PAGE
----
Community Science: Using Data and Community Engagement to Highlight Health Disparities

By Leah Duncan

This past spring, SCOPE was one of two organizations in the nation selected to receive a grant from Maryland-based research and development group Community Science. Through this grant, SCOPE is receiving monetary and technical support to test a framework for community collaboration around data access, sharing, and use. This framework relies on the idea that if community organizations like SCOPE know how to engage the right partners in the right ways, and know how to access health-related data, we can more effectively approach decision makers who have the power to impact health disparities in our communities. This project will focus primarily on secondary and administrative data, or data that is collected by organizations not necessarily with the intent of conducting research, rather than on data collected through primary research.

Earlier this week was the groundbreaking ceremony for the Sarasota Memorial Health Care System’s Internal Medicine Practice in Newtown. Through past research and community engagement conducted by groups like the Multicultural Health Institute and Genesis Health Services Inc., we know that Newtown residents are concerned about the health disparities they see in their community. There is hope that the opening of this health center will help to reduce these disparities, and SCOPE hopes to utilize the opportunity granted to us by the Community Science project to help ensure that there is a trusting relationship between Newtown residents and staff and decision-makers at the health center.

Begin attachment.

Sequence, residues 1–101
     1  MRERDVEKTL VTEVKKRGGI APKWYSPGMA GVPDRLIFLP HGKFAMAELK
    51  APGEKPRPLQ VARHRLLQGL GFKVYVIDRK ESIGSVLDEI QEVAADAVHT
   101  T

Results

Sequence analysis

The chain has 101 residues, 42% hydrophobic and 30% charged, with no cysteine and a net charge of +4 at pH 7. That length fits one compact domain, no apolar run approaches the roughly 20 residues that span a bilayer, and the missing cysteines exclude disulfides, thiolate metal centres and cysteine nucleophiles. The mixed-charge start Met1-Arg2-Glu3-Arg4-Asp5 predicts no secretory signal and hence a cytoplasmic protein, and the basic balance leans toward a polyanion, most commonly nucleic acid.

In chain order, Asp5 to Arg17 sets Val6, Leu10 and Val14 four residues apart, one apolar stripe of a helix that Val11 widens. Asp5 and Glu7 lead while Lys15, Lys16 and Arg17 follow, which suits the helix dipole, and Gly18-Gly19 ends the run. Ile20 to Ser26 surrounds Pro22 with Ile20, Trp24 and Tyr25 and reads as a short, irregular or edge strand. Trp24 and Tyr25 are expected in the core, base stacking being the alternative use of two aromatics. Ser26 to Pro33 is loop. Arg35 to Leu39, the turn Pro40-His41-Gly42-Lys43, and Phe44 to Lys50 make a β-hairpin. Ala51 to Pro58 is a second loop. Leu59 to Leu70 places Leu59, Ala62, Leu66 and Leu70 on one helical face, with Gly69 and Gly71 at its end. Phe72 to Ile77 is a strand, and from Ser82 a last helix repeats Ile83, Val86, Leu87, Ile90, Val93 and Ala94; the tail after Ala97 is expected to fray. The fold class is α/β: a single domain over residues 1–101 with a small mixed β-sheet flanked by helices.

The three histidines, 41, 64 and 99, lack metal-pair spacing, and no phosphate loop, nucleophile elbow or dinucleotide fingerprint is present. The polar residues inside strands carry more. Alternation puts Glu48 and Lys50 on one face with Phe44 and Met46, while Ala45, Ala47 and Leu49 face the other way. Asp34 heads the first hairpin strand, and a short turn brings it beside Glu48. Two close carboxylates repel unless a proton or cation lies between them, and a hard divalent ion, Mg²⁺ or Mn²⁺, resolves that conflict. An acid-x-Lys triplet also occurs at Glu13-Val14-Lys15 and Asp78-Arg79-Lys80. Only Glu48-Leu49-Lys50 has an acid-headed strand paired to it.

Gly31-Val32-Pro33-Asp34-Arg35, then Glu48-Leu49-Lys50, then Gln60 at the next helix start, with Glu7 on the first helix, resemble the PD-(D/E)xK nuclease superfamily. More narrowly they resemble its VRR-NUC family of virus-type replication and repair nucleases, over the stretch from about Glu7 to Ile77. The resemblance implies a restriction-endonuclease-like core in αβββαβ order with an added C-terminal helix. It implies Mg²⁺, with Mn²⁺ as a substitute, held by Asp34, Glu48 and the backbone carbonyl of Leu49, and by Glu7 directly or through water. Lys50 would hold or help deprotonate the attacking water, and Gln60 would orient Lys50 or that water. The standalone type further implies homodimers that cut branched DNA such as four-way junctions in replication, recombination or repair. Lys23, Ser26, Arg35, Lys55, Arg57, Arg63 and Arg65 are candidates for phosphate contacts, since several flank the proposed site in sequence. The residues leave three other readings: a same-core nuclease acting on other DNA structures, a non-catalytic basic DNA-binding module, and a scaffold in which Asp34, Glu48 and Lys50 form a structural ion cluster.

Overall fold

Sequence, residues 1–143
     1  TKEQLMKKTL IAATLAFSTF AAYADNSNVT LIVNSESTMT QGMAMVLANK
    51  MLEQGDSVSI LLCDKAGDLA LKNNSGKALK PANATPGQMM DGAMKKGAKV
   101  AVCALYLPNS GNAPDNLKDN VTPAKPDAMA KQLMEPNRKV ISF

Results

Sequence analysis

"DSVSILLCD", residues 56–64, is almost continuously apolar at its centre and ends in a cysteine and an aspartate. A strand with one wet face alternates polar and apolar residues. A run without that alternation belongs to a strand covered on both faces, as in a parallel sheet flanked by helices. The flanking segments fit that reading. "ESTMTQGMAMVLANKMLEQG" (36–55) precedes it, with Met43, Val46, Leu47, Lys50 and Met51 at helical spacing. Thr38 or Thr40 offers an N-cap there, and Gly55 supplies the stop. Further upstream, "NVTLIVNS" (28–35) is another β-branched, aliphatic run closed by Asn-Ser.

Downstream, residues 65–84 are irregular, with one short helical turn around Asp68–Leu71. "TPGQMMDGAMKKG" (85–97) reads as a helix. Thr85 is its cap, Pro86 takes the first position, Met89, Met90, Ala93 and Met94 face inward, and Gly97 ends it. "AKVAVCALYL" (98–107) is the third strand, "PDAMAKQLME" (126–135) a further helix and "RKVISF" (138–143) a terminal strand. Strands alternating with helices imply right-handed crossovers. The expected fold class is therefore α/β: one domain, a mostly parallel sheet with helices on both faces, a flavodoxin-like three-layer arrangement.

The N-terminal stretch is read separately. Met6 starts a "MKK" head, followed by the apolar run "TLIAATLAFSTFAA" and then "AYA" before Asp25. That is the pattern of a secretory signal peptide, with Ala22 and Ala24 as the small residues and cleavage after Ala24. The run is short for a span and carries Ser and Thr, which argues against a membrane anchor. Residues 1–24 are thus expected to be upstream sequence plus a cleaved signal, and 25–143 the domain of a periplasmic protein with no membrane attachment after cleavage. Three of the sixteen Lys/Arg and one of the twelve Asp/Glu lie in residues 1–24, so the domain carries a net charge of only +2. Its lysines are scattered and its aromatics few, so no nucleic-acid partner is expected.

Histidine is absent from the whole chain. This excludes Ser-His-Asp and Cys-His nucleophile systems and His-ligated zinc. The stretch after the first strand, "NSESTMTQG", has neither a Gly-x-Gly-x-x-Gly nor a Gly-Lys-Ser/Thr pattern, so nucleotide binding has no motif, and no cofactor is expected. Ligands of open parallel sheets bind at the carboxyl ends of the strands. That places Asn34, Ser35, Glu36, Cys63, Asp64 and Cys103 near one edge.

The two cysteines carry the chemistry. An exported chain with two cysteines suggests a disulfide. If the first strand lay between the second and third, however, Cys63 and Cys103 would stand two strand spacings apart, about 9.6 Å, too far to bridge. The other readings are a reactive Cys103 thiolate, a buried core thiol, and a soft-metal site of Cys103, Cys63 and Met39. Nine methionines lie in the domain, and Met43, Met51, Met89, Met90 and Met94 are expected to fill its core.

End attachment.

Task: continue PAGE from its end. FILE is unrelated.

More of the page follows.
We have been engaging partners from the Newtown community, including the representative neighborhood associations, to help hold this data collaborative accountable to the real needs of the community. We will also be engaging partners who collect secondary and administrative data that demonstrates the disparities in physical health problems faced by the Newtown community, including cardiovascular and related health problems and sexual/reproductive health; as well as data on the social determinants of health, such as access to health care, healthy lifestyles, education, and economic stability.

SCOPE is very excited by the enthusiasm we have seen at our collaboration meetings, and we are grateful for the training and support offered by the Community Science team. If you would like to get involved with this project, please contact Leah at [email protected]